“We attended the spectacle. You already know our artists, Ratia, Carvajal, and Fernandez, whose cleverness was comprehended by us alone, since the uncultured crowd did not understand a jot of it. Chananay and Balbino were very good, though a little hoarse; the latter made one break, but together, and as regards earnest effort, they were admirable. The Indians were greatly pleased with the Tagalog drama, especially the gobernadorcillo, who rubbed his hands and informed us that it was a pity that they had not made the princess join in combat with the giant who had stolen her away, which in his opinion would have been more marvelous, especially if the giant had been represented as vulnerable only in the navel, like a certain Ferragus of whom the stories of the Paladins tell. The Very Reverend Fray Damaso, in his customary goodness of heart, concurred in this opinion, and added that in such case the princess should be made to discover the giant’s weak spot and give him the coup de grace.
“Needless to tell you that during the show the affability of the Filipino Rothschild allowed nothing to be lacking: ice-cream, lemonade, wines, and refreshments of all kinds circulated profusely among us. A matter of reasonable and special note was the absence of the well-known and cultured youth, Don Juan Crisostomo Ibarra, who, as you know, will tomorrow preside at the laying of the corner-stone for the great edifice which he is so philanthropically erecting. This worthy descendant of the Pelayos and Elcanos (for I have learned that one of his paternal ancestors was from our heroic and noble northern provinces, perhaps one of the companions of Magellan or Legazpi) did not show himself during the entire day, owing to a slight indisposition. His name runs from mouth to mouth, being uttered with praises that can only reflect glory upon Spain and true Spaniards like ourselves, who never deny our blood, however mixed it may be.
“Today, at eleven o’clock in the morning, we attended a deeply-moving spectacle. Today, as is generally known, is the fiesta of the Virgin of Peace and is being observed by the Brethren of the Holy Rosary. Tomorrow will occur the fiesta of the patron, San Diego, and it will be observed principally by the Venerable Tertiary Order. Between these two societies there exists a pious rivalry in serving God, which piety has reached the extreme of holy quarrels among them, as has just happened in the dispute over the preacher of acknowledged fame, the oft-mentioned Very Reverend Fray Damaso, who tomorrow will occupy the pulpit of the Holy Ghost with a sermon, which, according to general expectation, will be a literary and religious event.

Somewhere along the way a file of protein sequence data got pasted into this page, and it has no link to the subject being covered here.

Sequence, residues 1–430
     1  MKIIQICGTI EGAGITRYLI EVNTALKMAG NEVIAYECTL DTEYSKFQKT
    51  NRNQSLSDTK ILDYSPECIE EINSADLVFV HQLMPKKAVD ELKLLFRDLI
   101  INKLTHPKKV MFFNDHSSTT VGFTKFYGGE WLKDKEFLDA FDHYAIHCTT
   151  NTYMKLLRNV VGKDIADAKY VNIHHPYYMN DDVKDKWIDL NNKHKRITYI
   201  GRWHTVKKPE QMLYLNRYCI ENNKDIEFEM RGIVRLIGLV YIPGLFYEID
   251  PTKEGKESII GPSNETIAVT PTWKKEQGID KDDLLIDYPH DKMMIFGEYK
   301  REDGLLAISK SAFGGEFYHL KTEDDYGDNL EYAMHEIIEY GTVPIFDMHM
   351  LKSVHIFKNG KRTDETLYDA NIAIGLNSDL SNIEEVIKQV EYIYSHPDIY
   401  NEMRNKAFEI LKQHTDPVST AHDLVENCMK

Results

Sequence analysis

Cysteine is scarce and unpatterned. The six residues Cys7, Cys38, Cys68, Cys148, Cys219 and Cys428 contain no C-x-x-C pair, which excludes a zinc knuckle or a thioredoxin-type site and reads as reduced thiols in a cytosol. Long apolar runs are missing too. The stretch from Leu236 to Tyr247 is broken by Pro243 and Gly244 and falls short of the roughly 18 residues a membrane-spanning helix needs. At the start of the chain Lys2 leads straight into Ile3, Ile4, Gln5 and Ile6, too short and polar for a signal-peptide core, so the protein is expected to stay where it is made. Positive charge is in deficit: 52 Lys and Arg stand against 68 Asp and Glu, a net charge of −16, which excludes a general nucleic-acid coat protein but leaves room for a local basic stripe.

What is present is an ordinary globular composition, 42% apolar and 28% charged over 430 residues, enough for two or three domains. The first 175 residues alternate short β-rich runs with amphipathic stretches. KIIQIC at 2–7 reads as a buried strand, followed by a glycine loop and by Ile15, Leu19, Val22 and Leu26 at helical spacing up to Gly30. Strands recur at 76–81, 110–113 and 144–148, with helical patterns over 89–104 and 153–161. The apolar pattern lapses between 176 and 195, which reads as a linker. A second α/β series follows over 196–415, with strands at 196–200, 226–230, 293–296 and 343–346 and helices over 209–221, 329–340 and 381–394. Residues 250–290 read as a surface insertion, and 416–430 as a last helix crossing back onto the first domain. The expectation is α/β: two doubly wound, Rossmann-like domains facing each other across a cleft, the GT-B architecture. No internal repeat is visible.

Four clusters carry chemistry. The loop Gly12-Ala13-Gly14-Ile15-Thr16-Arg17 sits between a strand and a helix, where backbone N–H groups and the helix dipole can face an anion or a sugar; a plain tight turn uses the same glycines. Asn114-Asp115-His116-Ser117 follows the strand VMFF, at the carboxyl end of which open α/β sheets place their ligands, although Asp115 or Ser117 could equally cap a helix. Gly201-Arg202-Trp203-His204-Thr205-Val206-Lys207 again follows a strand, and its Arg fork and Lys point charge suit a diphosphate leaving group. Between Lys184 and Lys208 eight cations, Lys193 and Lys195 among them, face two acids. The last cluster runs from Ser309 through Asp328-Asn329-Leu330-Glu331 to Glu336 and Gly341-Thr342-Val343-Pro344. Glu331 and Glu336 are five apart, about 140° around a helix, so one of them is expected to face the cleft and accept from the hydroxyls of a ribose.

“So, as we were saying, we attended a highly edifying and moving spectacle. Six pious youths, three to recite the mass and three for acolytes, marched out of the sacristy and prostrated themselves before the altar, while the officiating priest, the Very Reverend Fray Hernando Sibyla, chanted the Surge Domine—the signal for commencing the procession around the church—with the magnificent voice and religious unction that all recognize and that make him so worthy of general admiration. When the Surge Domine was concluded, the gobernadorcillo, in a frock coat, carrying the standard and followed by four acolytes with incense-burners, headed the procession. Behind them came the tall silver candelabra, the municipal corporation, the precious images dressed in satin and gold, representing St. Dominic and the Virgin of Peace in a magnificent blue robe trimmed with gilded silver, the gift of the pious ex-gobernadorcillo, the so-worthy-of-being-imitated and never-sufficiently-praised Don Santiago de los Santos. All these images were borne on silver cars. Behind the Mother of God came the Spaniards and the rest of the clergy, while the officiating priest was protected by a canopy carried by the cabezas de barangay, and the procession was closed by a squad of the worthy Civil Guard. I believe it unnecessary to state that a multitude of Indians, carrying lighted candles with great devotion, formed the two lines of the procession. The musicians played religious marches, while bombs and pinwheels furnished repeated salutes. It causes admiration to see the modesty and the fervor which these ceremonies inspire in the hearts of the true believers, the grand, pure faith professed for the Virgin of Peace, the solemnity and fervent devotion with which such ceremonies are performed by those of us who have had the good fortune to be born under the sacrosanct and immaculate banner of Spain.